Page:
The Standard Offer Programme as well as the Performance Contracting Programme implemented by Eskom as part of the Energy Efficiency Demand Side Management Program can be regarded as FITs for certified energy savings. Commercial and industrial energy users are paid a fixed amount for proven energy savings by Eskom. For more information on the programmes, please refer to the financial Incentive section and the bigEE good practice policy examples.
Removal/reduction of subsidies on end-user energy prices and on energy supply
The Government Free Basic Electricity (FBE) programme was announced in 2000, and promulgated in 2002. It provides for a ‘self-targeted’ subsidy of 50kWh per month of free electricity to indigent households. Self-targeted (Department of Energy, 2013) is defined as ‘Households that are "poor" generally have a low demand for electricity. Their needs could adequately be met by restricting the current drawn from the supply to about 10* Amperes. These households would consume the free basic electricity at no cost and pay the approved tariff for all units of electricity consumed above the free allocation’ FBE is accepted Government policy with no plans to phase it out.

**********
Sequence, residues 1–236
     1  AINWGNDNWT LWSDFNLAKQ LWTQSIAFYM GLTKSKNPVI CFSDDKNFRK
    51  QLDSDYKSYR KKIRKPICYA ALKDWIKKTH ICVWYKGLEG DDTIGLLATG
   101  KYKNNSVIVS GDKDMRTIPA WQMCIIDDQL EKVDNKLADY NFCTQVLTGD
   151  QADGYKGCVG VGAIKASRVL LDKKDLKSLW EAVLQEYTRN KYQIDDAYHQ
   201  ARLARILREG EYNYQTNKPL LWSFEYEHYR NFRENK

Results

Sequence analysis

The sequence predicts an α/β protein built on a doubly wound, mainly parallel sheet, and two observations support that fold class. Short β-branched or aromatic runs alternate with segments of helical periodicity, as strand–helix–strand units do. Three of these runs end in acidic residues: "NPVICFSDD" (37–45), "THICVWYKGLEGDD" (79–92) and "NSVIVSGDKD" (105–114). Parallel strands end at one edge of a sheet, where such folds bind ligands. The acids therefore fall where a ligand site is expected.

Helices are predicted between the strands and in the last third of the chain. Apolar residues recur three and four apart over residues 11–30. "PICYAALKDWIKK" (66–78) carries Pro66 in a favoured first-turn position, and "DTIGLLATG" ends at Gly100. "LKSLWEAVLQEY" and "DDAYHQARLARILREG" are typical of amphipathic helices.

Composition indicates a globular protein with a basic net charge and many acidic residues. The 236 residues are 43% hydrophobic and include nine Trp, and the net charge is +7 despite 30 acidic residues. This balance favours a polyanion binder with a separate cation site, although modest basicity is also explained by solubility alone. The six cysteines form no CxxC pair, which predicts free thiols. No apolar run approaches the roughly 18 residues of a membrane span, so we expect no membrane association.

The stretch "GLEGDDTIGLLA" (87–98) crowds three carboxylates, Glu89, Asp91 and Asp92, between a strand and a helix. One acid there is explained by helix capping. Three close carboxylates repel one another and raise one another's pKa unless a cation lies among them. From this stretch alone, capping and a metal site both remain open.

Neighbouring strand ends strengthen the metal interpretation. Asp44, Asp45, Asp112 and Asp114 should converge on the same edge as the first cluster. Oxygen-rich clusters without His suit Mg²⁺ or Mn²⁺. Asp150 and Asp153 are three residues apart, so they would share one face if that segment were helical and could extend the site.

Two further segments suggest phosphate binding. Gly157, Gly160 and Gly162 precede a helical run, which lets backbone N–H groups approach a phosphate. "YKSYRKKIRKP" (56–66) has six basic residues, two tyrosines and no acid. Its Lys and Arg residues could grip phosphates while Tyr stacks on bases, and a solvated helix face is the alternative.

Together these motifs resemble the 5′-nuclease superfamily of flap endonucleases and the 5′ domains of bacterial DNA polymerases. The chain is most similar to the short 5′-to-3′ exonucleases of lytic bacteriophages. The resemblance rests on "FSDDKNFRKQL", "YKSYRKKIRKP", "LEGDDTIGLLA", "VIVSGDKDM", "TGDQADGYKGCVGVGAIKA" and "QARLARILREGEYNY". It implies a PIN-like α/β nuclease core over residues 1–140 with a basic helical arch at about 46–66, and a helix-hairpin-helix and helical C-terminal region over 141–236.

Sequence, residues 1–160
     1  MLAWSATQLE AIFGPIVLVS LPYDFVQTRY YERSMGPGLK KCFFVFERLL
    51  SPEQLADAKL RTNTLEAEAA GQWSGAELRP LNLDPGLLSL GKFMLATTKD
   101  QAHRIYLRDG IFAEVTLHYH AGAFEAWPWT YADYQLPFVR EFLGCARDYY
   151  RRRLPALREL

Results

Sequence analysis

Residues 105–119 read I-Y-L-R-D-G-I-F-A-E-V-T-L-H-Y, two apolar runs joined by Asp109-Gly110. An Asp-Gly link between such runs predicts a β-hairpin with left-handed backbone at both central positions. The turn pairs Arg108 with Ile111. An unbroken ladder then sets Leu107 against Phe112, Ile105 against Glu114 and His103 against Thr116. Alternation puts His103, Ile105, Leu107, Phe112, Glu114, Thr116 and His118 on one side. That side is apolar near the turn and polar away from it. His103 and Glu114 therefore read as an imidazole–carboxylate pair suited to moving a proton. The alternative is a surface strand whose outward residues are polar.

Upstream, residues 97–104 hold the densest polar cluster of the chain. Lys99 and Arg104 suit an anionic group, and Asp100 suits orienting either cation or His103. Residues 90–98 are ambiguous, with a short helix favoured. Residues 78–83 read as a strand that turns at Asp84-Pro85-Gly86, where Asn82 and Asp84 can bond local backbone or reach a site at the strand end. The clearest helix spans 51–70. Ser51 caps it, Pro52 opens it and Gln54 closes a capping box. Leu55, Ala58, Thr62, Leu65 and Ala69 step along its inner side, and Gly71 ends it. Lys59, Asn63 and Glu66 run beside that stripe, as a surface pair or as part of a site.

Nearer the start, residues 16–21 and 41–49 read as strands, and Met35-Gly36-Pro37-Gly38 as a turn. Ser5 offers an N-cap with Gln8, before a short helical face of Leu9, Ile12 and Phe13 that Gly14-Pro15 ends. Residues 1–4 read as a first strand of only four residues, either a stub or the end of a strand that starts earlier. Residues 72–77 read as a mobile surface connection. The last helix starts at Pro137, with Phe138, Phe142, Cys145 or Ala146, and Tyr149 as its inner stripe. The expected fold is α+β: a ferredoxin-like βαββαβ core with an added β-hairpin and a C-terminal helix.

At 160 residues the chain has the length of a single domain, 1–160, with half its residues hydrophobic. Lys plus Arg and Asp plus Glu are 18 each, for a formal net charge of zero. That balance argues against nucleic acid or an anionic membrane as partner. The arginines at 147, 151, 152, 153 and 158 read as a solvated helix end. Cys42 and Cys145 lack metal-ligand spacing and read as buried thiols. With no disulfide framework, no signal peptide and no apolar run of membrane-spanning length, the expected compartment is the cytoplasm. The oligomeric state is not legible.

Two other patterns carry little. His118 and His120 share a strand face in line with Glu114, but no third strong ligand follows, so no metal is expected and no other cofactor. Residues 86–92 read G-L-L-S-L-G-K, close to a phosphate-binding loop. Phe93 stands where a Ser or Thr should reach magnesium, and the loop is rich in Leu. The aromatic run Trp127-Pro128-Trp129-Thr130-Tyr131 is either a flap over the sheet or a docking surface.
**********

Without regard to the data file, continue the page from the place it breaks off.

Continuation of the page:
*Note: Although the official limit is 10A, this has been increased to 20A for most installations.
It is a requirement of the legislation that local authorities keep a register of indigent households who have applied for FBE and other services. It is a requirement that the applicant is able to prove ownership and that he/she is the full time occupant of the household. However, in practise this is often not the case (NERSA, 2013) and many local authorities do not keep registers resulting in most houses receiving FBE regardless of whether they qualify or not. In 2010 it was estimated that 1 million households receive FBE but as many as 4 million qualify for it. Conversely there is wide scale theft with Eskom reporting that theft of 4,000 GWh / annum, which is 50% of its residential sales. This number excludes municipal theft. (FRIDGE, 2010). In a recent study (Eskom 2014d), it was found that recipients of FBE are far less responsive (inelastic) to electricity tariff increases compared to other low and middle-income households.
Energy/CO2 taxation and emissions trading